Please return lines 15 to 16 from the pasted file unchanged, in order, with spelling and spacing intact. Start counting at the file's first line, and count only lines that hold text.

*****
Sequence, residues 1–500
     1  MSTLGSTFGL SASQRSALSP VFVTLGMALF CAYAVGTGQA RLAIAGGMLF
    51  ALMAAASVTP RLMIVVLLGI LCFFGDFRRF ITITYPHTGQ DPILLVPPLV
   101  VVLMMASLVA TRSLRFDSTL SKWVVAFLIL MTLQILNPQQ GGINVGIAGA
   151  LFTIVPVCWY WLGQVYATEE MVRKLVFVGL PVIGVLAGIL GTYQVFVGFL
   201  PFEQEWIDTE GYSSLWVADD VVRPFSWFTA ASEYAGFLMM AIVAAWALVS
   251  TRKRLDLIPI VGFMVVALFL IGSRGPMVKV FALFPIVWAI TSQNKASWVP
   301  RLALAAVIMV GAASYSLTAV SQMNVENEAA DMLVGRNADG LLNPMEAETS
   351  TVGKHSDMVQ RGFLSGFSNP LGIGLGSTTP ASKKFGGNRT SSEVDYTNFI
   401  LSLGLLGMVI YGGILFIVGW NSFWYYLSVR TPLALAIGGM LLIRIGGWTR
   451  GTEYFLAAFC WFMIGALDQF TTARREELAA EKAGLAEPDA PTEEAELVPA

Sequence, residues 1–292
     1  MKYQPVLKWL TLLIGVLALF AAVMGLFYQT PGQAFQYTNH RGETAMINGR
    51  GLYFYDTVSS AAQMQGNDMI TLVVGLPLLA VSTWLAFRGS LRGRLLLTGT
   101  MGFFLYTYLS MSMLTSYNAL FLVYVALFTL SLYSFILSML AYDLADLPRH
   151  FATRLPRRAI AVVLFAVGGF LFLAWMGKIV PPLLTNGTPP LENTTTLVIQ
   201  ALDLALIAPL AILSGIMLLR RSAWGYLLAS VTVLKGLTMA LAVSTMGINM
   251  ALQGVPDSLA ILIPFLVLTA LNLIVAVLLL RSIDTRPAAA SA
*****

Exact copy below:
   101  MGFFLYTYLS MSMLTSYNAL FLVYVALFTL SLYSFILSML AYDLADLPRH
   151  FATRLPRRAI AVVLFAVGGF LFLAWMGKIV PPLLTNGTPP LENTTTLVIQ